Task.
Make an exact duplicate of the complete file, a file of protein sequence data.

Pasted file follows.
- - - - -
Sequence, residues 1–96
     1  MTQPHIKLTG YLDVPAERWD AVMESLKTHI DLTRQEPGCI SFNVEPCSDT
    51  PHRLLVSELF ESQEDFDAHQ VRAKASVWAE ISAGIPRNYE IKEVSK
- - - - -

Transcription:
Sequence, residues 1–96
     1  MTQPHIKLTG YLDVPAERWD AVMESLKTHI DLTRQEPGCI SFNVEPCSDT
    51  PHRLLVSELF ESQEDFDAHQ VRAKASVWAE ISAGIPRNYE IKEVSK